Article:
N: "That explanation sounds plausable, can you suggest any potential solutions?"

Qualitatively, I think people have to step aside from their ideological predispositions. Easier said than done--and I point at myself when saying that.

Quantitatively, I think we have to rely on numbers, prediction, and accountability. For example, I don't agree with everything James Hamilton says. But he argues with numbers, makes predictions, and then says "I don't know" when the numbers don't say anything, even if his own predispositions lean in a particular way. When he argues economics, he doesn't argue ideology, he argues numbers. Truth in a sense, though as Kling points out, even arguing numbers requires a selection process.

The problem is that the world is not lead by truth. It's lead by good stories. My experience: companies are lead by people who have positive track records but in addition (a) they're good at constructing plausible stories and (b) also good at over-powering, over-arguing, and out-witting those with competing stories--directly or behind the scenes. They're tricky. Go into a room full of people trying to make a decision. In the battle of leadership and ideas, the more forceful person often wins--not the right ideas.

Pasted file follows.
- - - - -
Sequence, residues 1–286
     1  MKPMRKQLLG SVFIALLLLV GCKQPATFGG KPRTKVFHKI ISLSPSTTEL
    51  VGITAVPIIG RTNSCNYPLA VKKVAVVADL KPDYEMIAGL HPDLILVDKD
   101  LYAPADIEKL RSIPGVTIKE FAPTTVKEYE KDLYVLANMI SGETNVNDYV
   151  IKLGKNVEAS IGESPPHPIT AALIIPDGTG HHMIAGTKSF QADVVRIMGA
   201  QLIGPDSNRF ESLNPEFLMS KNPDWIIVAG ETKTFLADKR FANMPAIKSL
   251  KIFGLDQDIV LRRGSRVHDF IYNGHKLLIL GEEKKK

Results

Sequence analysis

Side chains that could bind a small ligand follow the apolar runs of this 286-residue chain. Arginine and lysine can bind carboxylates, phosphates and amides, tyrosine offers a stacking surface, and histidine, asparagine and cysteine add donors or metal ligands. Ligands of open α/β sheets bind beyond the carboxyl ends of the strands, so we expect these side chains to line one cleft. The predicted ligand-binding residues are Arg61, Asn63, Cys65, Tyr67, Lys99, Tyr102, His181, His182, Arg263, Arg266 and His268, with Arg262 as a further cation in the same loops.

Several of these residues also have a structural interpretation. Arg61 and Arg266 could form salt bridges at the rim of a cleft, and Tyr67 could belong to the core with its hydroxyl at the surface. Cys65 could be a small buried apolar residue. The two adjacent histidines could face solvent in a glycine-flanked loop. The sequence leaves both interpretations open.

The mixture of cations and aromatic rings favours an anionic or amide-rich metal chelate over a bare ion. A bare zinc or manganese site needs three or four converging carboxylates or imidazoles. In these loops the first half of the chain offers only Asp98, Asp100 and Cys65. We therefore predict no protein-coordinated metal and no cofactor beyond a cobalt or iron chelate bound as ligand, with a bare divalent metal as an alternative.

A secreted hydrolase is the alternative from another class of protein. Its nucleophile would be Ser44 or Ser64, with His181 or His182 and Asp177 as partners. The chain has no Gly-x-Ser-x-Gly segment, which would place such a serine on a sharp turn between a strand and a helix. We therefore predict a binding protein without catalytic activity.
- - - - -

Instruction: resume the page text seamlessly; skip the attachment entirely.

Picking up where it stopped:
Does the person with the best story have the right or true story? Not necessarily. The market will answer that question when the story is badly wrong, but often the story is not right but also not too bad. The better--more true--story lost because the louder more powerful story won out.

In the end it's all about power. And power needs balance and accountability. Because power isn't true. It just is. Unless one defines truth as power. Some have.

I'd like to see more accountability for bloggers, journalists, politicians, etc. Openness and exposure to competing ideas--and a public track record that we can evaluate. The internet will help with that. But the internet is also full of noise--people spouting opinions--like mine right now. It would nice to see a clearing house of stories, with a quantitative means to establish their accuracy and success. A true market of ideas that includes an SEC-like report. It would also be nice to see the same people who go after Naomi Klein also going after William Kristol. Both are no-doubt fountains of half-truths and nonsense in support of their ideological predispositions.

Paleolibertarian writes:

General Specific, read mises.org or lewrockwell.com
There are plenty of people who attack both Mrs & Mr K if you look for them.

What is it about the market that causes it to accept bad-but-not-too-bad stories and what corrective forces would be immune to those same faults?

Lord writes:

The other common journalistic tendency is the 'balanced' approach of contrasting opinions, pretty much the 'one the one hand .., and on the other ..' without an indication of importance, likelihood, or number, and usually staying at that level.

thebastidge writes:

All stories are morality plays...